Did the fall of the Berlin Wall help end Apartheid?

The collapse of the Soviet Union helped topple Apartheid—South Africa's rigidly enforced laws of racial segregation—by removing the global Communist threat, the country's last white president told CNBC.

Frederik Willem "FW" de Klerk received the Nobel Peace Prize along with Nelson Mandela in 1993 for his role in overseeing the end of white-only rule in South Africa.

As president, de Klerk unbanned black-led political parties and enticed Mandela's African National Congress (ANC) party to the negotiating table by suspending the death penalty and releasing political prisoners, a process which led the way to the end of legal segregation.

Nelson Mandela and Frederik de Klerk shake hands on the eve before receiving jointly the Nobel Peace prize in 1993.
Gerard Julien | AFP | Getty Images
Nelson Mandela and Frederik de Klerk shake hands on the eve before receiving jointly the Nobel Peace prize in 1993.

But in an exclusive one-hour interview with CNBC, de Klerk said he was only able to gain support for making concessions to the socialist ANC party when the threat of Communism proliferation ceased, following the fall of the Soviet Union.

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"We removed every excuse the ANC could offer to not come to the negotiation table," de Klerk told CNBC.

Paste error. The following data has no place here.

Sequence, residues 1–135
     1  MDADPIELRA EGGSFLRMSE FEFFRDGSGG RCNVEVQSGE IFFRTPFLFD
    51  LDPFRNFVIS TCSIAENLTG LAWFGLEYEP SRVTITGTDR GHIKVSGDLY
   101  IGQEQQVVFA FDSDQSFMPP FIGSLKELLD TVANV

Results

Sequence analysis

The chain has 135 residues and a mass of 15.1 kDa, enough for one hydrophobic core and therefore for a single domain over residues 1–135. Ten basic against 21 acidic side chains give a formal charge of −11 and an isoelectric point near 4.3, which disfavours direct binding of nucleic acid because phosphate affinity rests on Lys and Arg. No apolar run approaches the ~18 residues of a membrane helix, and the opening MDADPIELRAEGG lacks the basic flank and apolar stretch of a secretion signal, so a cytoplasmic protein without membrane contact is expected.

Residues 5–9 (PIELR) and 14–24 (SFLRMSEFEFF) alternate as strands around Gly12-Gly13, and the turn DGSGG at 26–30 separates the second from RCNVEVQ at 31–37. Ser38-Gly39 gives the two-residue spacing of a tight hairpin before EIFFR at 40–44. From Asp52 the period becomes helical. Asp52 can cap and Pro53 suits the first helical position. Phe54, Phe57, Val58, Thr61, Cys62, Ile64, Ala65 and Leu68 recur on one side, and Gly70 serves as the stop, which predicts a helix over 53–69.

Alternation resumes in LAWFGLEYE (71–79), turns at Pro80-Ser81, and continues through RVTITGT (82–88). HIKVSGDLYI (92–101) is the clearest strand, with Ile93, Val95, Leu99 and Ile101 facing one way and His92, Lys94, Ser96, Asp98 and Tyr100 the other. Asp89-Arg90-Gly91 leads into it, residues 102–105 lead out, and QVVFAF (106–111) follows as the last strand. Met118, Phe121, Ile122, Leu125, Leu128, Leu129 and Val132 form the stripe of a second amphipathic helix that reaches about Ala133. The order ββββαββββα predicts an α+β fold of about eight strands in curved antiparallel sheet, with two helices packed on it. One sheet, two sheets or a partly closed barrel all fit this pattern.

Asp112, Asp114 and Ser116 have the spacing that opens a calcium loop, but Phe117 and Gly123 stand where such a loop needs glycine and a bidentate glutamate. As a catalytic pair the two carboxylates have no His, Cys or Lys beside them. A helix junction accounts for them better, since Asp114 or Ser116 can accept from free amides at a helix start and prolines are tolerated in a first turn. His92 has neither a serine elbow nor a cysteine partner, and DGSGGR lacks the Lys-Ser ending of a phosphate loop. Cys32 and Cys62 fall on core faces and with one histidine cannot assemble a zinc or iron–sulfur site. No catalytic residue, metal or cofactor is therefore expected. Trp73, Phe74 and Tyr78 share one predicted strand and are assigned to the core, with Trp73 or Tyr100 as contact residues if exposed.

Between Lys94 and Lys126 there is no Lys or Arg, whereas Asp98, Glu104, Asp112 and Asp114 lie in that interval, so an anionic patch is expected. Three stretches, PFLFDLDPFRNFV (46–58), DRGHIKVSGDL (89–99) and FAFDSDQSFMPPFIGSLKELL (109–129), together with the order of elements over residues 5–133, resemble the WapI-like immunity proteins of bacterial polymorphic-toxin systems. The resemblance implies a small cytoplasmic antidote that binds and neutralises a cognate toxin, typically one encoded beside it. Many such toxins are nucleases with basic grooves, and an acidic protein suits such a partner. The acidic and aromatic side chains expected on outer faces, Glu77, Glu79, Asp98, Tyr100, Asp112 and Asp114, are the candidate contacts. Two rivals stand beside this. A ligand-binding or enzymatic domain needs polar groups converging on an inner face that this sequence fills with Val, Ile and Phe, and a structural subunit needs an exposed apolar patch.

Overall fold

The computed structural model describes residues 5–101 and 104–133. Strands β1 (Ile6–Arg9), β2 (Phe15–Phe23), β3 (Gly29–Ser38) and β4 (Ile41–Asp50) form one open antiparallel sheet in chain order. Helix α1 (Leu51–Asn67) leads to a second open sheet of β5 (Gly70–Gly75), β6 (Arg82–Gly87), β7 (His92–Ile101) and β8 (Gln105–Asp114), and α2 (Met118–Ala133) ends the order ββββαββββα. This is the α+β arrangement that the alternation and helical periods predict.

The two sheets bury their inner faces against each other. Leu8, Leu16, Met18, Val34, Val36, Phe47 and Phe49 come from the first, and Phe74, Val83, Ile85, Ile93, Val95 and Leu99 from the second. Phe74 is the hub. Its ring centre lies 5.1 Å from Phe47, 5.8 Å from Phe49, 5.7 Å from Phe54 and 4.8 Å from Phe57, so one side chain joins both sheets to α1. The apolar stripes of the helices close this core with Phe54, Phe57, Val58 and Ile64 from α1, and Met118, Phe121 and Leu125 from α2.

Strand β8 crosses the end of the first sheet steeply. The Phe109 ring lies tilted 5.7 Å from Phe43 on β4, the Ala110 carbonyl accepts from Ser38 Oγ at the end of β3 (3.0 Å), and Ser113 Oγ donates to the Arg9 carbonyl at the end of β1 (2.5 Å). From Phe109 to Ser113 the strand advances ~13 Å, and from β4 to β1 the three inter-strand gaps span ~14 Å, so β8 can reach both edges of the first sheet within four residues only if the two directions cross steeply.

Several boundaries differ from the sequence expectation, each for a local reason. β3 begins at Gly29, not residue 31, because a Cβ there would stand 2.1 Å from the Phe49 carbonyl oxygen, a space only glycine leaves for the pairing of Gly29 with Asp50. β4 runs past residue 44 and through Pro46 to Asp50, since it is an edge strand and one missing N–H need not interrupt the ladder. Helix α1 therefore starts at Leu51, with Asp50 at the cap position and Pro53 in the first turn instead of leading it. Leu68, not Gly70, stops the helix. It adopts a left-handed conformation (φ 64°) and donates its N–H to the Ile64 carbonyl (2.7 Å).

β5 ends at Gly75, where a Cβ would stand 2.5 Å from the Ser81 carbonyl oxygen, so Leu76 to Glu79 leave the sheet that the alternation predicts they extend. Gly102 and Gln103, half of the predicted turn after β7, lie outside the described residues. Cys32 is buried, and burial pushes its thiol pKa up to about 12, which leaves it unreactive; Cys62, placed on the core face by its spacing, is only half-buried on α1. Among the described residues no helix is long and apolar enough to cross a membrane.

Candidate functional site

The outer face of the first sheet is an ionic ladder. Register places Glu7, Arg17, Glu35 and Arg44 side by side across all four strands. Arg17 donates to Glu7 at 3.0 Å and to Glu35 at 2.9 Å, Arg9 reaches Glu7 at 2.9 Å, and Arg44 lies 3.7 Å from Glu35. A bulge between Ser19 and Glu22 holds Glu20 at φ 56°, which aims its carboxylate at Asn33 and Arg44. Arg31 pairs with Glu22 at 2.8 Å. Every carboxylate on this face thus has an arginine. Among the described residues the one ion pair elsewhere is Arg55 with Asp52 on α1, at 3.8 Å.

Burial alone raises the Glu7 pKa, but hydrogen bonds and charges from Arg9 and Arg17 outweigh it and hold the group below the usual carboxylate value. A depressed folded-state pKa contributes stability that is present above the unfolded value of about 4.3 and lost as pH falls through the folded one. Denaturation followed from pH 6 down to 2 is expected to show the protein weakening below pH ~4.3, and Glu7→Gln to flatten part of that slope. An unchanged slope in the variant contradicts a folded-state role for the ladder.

"I would not have been able to do that, let me immediately add, if the Berlin Wall did not come down. I was helped by that the threat of expansionist USSR communism fell away and when we saw that window of opportunity, it helped us to jump through it by accelerating the process."

A biopic of de Klerk's life was released this year, called "The Other Man: FW de Klerk and the End of Apartheid." This movie likens the 79-year-old to Mikhail Gorbachev, the last leader of the Soviet Union, who oversaw the end of communist-rule in Russia.

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Despite his Peace Price, de Klerk's legacy remains controversial, with some saying that he only launched negotiations to end apartheid because he realized its end was nigh regardless of whether negotiations took place. A move by Cape Town to rename Table Bay Boulevard after de Klerk met with strong opposition.

South Africa was also subject to international sanctions for its commitment to Apartheid, decades after former colonies across Africa had opted for majority-rule.

However, de Klerk said that sanctions played no role in the move to end Apartheid.

"We successfully rode the waves of sanctions for decades," he told CNBC.

"In the end also, sanctions hurt black South Africans much more than it hurt white South Africans, it never lead to a change at the ballot box, so sanctions was not the driving force, it played a role, but it was not the crucial role. Our reforms were conscious driven."

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